Message from Executive Director

Disaster resilience and sustainable development

The number of water-related disasters has been increasing very rapidly, by more than three times, since 1980. What is also striking is that more than three-quarters of the economic losses are reported from high or upper-middle-income countries, whereas more than 80% of the human losses have occurred in lower-middle or low-income countries. Disasters inhibit growth while growth amplifies disaster damage. To solve these problems, it is essential for nations to strengthen disaster resilience and achieve sustainable development.

International discussions on disaster resilience and sustainable development have been conducted under separate tracks. The former depends on the principle that national governments have the primary responsibility for disaster risk reduction. Starting with the designation of the 1990s as the International Decade for Natural Disaster Reduction (IDNDR), the UN organized three world conferences in Yokohama, Kobe and Sendai in Japan. On the other hand, the latter was initially promoted to challenge the world to eliminate the barriers between the North and the South and has eventually come to fruition as SDGs of 17 goals and 169 targets through discussions held in the three UN Earth Summits at Rio de Janeiro, Johannesburg and again Rio de Janeiro.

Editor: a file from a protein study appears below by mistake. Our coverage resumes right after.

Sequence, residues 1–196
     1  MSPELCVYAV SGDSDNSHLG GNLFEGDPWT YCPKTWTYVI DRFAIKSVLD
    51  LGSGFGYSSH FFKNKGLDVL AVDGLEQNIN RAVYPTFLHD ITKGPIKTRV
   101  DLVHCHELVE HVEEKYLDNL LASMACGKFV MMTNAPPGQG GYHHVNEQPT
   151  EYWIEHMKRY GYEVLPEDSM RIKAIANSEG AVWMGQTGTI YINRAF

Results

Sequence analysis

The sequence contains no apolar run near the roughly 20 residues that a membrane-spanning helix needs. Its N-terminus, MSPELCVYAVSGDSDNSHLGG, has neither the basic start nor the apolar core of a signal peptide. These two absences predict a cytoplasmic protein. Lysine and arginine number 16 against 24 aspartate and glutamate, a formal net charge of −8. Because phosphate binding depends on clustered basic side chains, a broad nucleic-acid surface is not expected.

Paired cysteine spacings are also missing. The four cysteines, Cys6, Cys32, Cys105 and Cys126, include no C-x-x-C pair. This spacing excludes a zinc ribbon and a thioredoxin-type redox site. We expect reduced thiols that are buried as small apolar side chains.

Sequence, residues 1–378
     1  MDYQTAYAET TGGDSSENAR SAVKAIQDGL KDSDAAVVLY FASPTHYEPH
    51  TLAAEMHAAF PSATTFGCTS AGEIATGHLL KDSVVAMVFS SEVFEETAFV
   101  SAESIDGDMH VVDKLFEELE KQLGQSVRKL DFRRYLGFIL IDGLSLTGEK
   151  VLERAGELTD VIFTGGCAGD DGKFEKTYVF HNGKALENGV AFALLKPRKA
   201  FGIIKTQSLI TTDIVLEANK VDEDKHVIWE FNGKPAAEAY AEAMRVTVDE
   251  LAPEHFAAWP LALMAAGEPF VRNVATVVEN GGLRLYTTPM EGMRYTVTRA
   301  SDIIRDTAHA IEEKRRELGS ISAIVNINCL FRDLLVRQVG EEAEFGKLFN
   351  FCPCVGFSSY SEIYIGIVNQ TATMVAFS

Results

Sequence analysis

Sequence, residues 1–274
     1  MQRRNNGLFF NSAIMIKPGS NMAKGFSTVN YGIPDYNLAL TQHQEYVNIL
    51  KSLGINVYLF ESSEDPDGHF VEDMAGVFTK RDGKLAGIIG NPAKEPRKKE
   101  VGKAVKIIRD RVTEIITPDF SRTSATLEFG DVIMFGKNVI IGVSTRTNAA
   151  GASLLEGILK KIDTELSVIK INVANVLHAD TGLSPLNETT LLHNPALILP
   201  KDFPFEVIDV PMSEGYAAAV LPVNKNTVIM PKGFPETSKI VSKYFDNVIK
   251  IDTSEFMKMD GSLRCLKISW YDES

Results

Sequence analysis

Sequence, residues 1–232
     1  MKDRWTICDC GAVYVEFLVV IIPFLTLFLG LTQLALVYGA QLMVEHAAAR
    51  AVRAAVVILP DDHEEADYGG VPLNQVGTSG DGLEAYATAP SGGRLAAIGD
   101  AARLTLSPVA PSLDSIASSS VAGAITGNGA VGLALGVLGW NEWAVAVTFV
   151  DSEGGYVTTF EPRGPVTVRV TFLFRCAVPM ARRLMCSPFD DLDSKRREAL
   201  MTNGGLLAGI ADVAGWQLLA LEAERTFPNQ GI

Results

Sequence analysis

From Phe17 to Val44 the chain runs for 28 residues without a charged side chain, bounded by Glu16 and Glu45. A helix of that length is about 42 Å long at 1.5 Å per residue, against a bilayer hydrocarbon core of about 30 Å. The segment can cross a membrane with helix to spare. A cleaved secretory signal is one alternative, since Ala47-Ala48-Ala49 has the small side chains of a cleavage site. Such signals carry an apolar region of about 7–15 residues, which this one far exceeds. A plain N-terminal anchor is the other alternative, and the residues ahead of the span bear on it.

Hazards cause direct damage to livelihoods and production activities in urban and rural areas, including disrupting and decreasing the supply of water, energy and food. Due to these physical and material harms, educational opportunities and labor markets are lost and degraded. Then, these societal instabilities exacerbate poverty and enormously disturb social justice and peace. In this way, disaster resilience and sustainable development are closely and structurally interlinked through risk. Considering that various issues arise on site, inclusive and proactive approaches should be taken by on-site stakeholders.

In general, however, it is a real challenge for on-site stakeholders to have a broad perspective to look at both their own and other localities around the world and have expert knowledge outside their fields. Accordingly, they often face difficulties in making well-informed decisions and taking appropriate actions to solve on-site issues that require multilateral analyses. This is exactly where the science community comes in. It is in this area that the science community should support on-site stakeholders. Concrete contributions are strongly needed.

October 30, 2020
KOIKE Toshio
Executive Director of ICHARM